Lighting Efficiency
What is the goal of lighting efficiency? Provide the amount of light needed at a minimum wattage. Before we get into how to achieve the goal of lighting efficiency, we need to familiarize ourselves with some basic terminology in lighting:
 Lumens (lm)
–The amount of light given off is measured in lumens, also referred as brightness.
–One lumen is the equivalent of the light given off by one candle in one square foot.
 Watts
–The amount of power input to a light bulb to produce light is measured in watts
 Energy/Electricity Consumption
–is measured by KWh (kilowatts hour):
KWh = Watts × hours of operation/1000 ...................................................................equ (1)
How to Measure Efficiency of lamps?
`````````````````````````````````````````````````````equ (2)
Unit of lamp efficiency is lumen/watt.
Note the above equation can be rearranged into:
Lumen output = Lamp efficiency X watts of power input ........................equ (3)
`````````````````````````````````````````````equ (4)
Applications of Lighting Efficiency
Now let's look at a couple of applications of the lighting efficiency concept.
Example #1
The hallway of the Physics Department at Michigan State University has 20, 72watts energysaving halogen light bulbs whose lamp efficiency is 20.7 lumen/watt. The university is considering changing these light bulbs into compact fluorescent light (CFL) bulbs whose lamp efficiency is 60 lumen/watt.
1. What watts of the CFL bulbs should the university buy, assuming each energysaving halogen light bulb is replaced with a CFL bulb?
2. Assuming these light bulbs are on 24 hours a day, 7 days a week for 50 week of a year, how much energy/electricity will be saved in a year by switching to CFLs?
SOLUTION:
1. Since each halogen lightbulb is replaced with a CFL bulb, the lumen output from a CFL bulb should be the same as that from a halogen lightbulb.
Based on equ (3);
For a halogen lightbulb, lumen output = 20.7 lumen/watts x 72 watts = 1490.4 lumens
Then based on equ (4);
So the university should buy 25watts CFLs, these CFLs will produce the same amount of light (i.e. lumens) as compared to existing lightbulbs. One can see as we use lamps with higher efficiency, for the same amount of light produced, we can use a much lower watts lamps.
2. Let's first figure out electricity consumed for both bulbs in a year, the difference is the energy saving.
Based on equ (1);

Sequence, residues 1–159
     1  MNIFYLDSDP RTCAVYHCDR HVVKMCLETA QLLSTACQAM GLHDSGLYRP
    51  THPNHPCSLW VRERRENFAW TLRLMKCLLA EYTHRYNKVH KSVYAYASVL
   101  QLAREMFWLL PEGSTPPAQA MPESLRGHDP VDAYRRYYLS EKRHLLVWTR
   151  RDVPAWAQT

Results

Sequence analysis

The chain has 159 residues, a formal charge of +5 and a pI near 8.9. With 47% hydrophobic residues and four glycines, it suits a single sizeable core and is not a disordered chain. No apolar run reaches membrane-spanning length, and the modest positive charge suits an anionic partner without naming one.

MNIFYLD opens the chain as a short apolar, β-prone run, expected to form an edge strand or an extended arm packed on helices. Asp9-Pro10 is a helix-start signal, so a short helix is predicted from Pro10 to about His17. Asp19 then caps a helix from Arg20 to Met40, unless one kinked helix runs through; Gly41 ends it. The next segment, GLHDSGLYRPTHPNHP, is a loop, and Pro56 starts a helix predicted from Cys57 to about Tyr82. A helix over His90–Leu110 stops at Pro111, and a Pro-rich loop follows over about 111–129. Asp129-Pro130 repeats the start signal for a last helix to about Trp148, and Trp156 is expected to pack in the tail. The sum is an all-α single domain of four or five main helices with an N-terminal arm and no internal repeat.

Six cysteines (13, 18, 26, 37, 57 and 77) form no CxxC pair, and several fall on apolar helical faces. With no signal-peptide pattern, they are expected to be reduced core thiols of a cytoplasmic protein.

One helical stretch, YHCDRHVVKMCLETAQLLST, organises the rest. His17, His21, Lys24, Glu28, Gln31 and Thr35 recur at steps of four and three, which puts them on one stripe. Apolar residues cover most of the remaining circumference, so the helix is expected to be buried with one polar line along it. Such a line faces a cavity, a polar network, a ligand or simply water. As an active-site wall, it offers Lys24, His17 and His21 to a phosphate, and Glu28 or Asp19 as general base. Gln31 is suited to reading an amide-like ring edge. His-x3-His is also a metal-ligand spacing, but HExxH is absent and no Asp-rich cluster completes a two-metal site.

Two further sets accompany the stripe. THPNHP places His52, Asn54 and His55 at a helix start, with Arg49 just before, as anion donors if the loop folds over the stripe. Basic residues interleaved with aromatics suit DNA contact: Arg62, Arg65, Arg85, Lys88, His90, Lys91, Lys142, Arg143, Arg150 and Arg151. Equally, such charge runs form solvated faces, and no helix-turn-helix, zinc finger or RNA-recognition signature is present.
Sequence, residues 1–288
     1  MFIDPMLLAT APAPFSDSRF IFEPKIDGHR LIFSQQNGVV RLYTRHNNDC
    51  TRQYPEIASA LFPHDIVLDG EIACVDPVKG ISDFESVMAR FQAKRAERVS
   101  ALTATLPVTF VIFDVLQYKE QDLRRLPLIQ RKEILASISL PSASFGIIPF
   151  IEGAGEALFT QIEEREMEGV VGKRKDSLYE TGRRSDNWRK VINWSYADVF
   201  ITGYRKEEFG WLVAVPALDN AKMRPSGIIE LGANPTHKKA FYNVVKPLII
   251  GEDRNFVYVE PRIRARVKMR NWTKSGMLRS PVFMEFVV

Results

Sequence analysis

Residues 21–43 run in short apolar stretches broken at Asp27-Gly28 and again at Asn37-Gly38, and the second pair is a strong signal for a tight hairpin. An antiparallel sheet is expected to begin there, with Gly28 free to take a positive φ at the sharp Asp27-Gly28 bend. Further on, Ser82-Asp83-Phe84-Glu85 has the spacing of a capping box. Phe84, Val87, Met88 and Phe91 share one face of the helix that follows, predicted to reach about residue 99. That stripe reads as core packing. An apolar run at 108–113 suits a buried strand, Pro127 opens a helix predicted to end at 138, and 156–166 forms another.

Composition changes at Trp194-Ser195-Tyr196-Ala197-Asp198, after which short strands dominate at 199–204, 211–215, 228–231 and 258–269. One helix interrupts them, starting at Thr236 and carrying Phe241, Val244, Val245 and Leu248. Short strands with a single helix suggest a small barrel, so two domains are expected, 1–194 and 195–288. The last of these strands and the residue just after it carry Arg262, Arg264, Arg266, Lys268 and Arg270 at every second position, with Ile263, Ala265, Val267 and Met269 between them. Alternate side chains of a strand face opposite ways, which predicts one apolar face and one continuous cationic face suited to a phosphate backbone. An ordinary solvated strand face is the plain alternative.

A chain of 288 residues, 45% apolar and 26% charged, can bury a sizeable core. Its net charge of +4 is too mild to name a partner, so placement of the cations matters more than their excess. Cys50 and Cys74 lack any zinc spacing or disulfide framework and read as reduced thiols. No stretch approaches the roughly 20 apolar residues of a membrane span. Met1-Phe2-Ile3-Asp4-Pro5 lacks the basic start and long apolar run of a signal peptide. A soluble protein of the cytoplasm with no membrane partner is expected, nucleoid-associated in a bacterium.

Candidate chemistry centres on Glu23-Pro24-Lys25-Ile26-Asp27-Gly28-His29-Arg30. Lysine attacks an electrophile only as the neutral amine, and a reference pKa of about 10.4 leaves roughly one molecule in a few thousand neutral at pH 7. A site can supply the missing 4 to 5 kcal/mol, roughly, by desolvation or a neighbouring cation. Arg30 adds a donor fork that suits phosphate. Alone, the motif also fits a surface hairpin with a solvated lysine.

When using halogen lightbulbs, electricity/energy consumption (kWh) = 20 (bulbs) x 72 watts x (24 hr/day x 7 days/week x 50 weeks/year) /1000 = 12,096 kWh
When using CFLs, electricity/energy consumption (kWh) = 20 (bulbs) x 25 watts x (24 hr/day x 7 days/week x 50 weeks/year) /1000 = 4200 kWh
Electricity saving = 12,096 kWh  4200 kWh =7,896 kWh.
Example #2
The dormitory supervisor of a major university is considering switching 60 watts energysaving halogen lightbulbs with 9W Light Emitting Diode (LED) replacement bulbs. Halogen efficiency is 13 lumens/watt and LED efficiency is 90 lumens/watt. There are a total of 400 such lightbulbs in the dorm. Assume each lightbulb burns an average of 4 hours per day for 300 days/year. The university is paying 8 cents per kWh for electricity.
1. Is the light output from LED bulbs comparable to halogen bulbs?
2. How much electricity will be saved in a year by switching to LEDs?
3. How much ($) will university save in electricity bill in a year by switching to LEDs?
SOLUTION:
1. Let's calculate the lumen output for both bulbs.
For halogen bulbs, Lumen output = Lamp efficiency X watts of power input = 13 (lumens/watt) x 60 watt = 780 lumens
For LEDs, Lumen output = Lamp efficiency X watts of power input = 90 (lumens/watt) x 9 watt = 810 lumens
Yes, the light output from LED bulbs are comparable to (actually greater than) halogen bulbs.
2. Let's calculate electricity consumption for both bulbs in a year, the difference in the saving.
For halogen bulbs, electricity consumption (kWh) = 400 (bulbs) x 60 watt x (4 hr/day x 300 days/yr)/1000 = 28,800 kWh
For LEDs, electricity consumption (kWh) = 400 (bulbs) x 9 watt x (4 hr/day x 300 days/yr)/1000 = 4,320 kWh
Electricity saving = 28,800 kWh  4,320 kWh = 24,480 kWh
3. Savings in electricity bill ($) $0.08 kWh x 24,480 kWh = $1,958.40
Have I Grasped the Key Concepts Here?
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